By Moira Warburton
TORONTO (Reuters) - The trial of a man charged with killing 10 people in a 2018 van attack in Toronto will end on Friday, as Canadian prosecutors push to have him found guilty of first-degree murder and attempted murder.
Alek Minassian, 28, rented a van and drove it onto the sidewalk along Yonge Street in North York, a suburb just north of Toronto, striking passersby. He later told police detectives he was motivated by a desire to punish society for his perceived status as an "incel" - short for involuntary celibate - because he believed women would not have sex with him.
Minassian has been charged with 10 counts of first-degree murder and 16 counts of attempted murder. He has not denied his role but entered a plea of "not criminally responsible" to the court via Zoom when the trial began in early November.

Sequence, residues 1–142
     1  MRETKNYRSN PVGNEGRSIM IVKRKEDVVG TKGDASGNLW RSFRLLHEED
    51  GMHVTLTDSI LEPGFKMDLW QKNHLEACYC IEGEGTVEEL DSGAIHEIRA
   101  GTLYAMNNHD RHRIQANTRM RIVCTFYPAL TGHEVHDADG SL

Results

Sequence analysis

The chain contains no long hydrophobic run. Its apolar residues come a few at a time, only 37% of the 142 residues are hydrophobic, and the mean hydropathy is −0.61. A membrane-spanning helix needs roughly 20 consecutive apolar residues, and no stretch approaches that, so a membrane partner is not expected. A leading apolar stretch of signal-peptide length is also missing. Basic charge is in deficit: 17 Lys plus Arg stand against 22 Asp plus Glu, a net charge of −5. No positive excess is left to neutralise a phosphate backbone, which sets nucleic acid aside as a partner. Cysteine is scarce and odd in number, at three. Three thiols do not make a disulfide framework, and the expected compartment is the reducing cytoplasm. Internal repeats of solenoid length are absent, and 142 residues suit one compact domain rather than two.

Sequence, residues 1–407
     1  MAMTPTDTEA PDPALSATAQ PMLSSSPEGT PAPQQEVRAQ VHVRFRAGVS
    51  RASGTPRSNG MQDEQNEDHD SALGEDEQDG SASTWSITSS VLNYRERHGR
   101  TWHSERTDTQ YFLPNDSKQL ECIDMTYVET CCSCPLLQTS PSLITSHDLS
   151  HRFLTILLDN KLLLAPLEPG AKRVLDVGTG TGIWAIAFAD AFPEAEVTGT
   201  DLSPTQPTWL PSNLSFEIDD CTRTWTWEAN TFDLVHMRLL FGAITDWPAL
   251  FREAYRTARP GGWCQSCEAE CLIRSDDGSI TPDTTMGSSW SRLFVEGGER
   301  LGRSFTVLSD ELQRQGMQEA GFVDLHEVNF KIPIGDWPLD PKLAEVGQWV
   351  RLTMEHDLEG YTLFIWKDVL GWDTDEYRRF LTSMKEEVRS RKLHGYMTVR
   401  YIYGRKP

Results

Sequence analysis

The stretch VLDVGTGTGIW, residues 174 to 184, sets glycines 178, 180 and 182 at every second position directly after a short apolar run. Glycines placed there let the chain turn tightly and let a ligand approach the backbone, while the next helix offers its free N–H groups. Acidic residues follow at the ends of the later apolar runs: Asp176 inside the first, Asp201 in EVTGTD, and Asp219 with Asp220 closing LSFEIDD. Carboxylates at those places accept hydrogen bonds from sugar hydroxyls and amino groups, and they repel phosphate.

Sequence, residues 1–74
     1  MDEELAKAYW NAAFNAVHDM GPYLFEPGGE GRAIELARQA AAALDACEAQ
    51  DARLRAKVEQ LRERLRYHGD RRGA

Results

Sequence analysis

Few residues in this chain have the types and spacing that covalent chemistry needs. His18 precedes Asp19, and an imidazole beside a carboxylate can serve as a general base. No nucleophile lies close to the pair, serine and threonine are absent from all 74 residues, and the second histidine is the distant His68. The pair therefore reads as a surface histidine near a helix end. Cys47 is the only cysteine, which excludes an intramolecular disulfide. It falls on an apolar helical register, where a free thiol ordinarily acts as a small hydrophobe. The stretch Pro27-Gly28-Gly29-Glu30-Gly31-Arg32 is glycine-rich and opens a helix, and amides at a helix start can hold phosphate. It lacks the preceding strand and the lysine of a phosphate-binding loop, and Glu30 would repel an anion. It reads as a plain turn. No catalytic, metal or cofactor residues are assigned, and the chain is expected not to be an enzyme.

Defense lawyers argued that Minassian's diagnosed autism meant that he was not capable of making rational ethical choices.
Witnesses - including psychologists and Minassian's parents - were brought forward during the six weeks of trial to argue for or dispute that characterization of Minassian.
In their closing arguments, prosecutors said Minassian had "the capacity to make a choice."
"He never lost sight of the fact that society viewed his choice as wrong, and he made a choice to go ahead and commit the attack," prosecutor Joe Callaghan told the court on Friday.
Justice Anne Molloy has been presiding over the case. It is not yet known when she will announce a decision.
(Reporting by Moira Warburton in Toronto; editing by Jonathan Oatis)